Savoir vivre is a French expression which means being casual in dealing with other people and with life situations.
We can choose to live savoir vivre each day. We can be querulous and make other people unhappy. Or we can be friendly and make others smile because they feel accepted.
Making other people happy is a sign that we use esteem as basis of our savoir vivre.
Continue reading Wayne W. Dyer on Savoir vivre
The easiest way to find out how esteem works is when we’re relaxed.
We relax in different ways. We’re tempted to say there are as many ways to relax as there are people. However we relax it’s a moment we don’t feel the need for fighting, defending, arguing or being generally on the alert.
Continue reading Esteem happens when we’re relaxed
It started as a Tent City founded for homeless people and grew into a permanent neighborhood called Dignity Village. After conducting elections, Dignity Village even has their own administrative and legislative branches of government. The name tells it all: Dignity Village is a place that gives dignity back to people who’ve lost their jobs and homes.
Continue reading Esteemful living in Dignity Village
Self-esteem consists of three elements: unconditional love, unconditional worth and growth This means a deep, quiet inner security that is not easily shaken under duress or after a disappointing performance. Individuals with healthy self-esteem are humble and recognize all people’s worth, according to Glenn R. Schiraldi, Ph.D., author of The Self-Esteem Workbook.
His good news are that there are these successful strategies for strengthening self-esteem.
Continue reading Self-esteem consists of three elements
Reading books, writing and generally participating in brain-stimulating activities at any age preserves not only memory but also keeps you young and fit.
A research suggests that exercising your brain from childhood through old age is important for brain health in old age. It found that people who participated in mentally stimulating activities until late in life had a slower rate of decline in memory compared to those who did not participate in such activities across their lifetime.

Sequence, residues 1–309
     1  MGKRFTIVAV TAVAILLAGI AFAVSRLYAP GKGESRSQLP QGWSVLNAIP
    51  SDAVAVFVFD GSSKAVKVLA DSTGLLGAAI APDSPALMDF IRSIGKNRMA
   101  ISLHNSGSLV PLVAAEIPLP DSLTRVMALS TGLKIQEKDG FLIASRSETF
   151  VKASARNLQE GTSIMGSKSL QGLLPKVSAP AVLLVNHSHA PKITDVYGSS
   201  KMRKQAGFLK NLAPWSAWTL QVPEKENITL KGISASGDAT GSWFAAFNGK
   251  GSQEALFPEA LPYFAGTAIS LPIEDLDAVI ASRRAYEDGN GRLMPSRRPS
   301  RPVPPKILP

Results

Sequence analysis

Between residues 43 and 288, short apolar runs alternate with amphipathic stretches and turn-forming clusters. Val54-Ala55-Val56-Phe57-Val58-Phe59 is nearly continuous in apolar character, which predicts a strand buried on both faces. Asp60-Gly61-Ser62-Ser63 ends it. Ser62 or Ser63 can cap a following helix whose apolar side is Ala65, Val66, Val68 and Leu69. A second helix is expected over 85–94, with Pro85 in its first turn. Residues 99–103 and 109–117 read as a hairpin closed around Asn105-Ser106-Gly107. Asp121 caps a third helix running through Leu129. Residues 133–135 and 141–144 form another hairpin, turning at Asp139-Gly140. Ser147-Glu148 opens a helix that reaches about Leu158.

Continue reading Esteem for learning from childhood through old age
he term Pow Wow comes from the Algonquin nation of the Eastern Woodlands, meaning “a gathering of spiritual leaders.” Originally, Indian tribes held celebrations to commemorate successful hunts or harvests. Many tribes had ceremonial dances to prepare for war and to celebrate victories. The old tribal War Dance as it was known and is still called today, evolved over the last four or five decades into a contemporary social dance and the pow wow into a social gathering and celebration time.
Continue reading Esteem for Taos Pueblo Pow Wow
This might sound a little out there “Learn to tolerate your self-esteem”, but it actually nails it.
Low self-esteem is usually due to a psychological attachment to being perceived in a negative light. By constantly seeing you in a negative light you learned a powerful lesson – that your existence is a negative.
The real problem though lies in the fact that as child you trusted the opinion of others and now you continue to trust the judgments of others. At this point, the black hole of negativity in your psyche is quite powerful and you may have a very difficult time shaking the emotional attachment to all the negativity.
Continue reading Learn to tolerate your self-esteem
Our visit of the Wildlife Refuge in Vermont made me think of the important mission of the National Wildlife Refuge Association which is: To conserve America’s wildlife heritage for future generations through strategic programs that protect, enhance, and expand the National Wildlife Refuge System and the landscapes beyond its boundaries that secure its ecological integrity.
Continue reading Esteem for our wildlife
Did you ever watch yourself when you speak about others? The kind of how you speak about others and how you see others reveals more about yourself than about the persons.
How positively you see others is linked to how happy, kind-hearted and emotionally stable you are. A person’s tendency to describe others in positive terms is an important indicator of the positivity of the person’s own personality traits.
Continue reading How positively do we see others?
“TV doesn’t really seem to satisfy people over the long haul the way that social involvement or reading a newspaper does,” says University of Maryland sociologist John P. Robinson. “It’s more passive and may provide escape – especially when the news is as depressing as the economy itself. The data suggest to us that the TV habit may offer short-run pleasure at the expense of long-term malaise.”
Continue reading Happiness without TV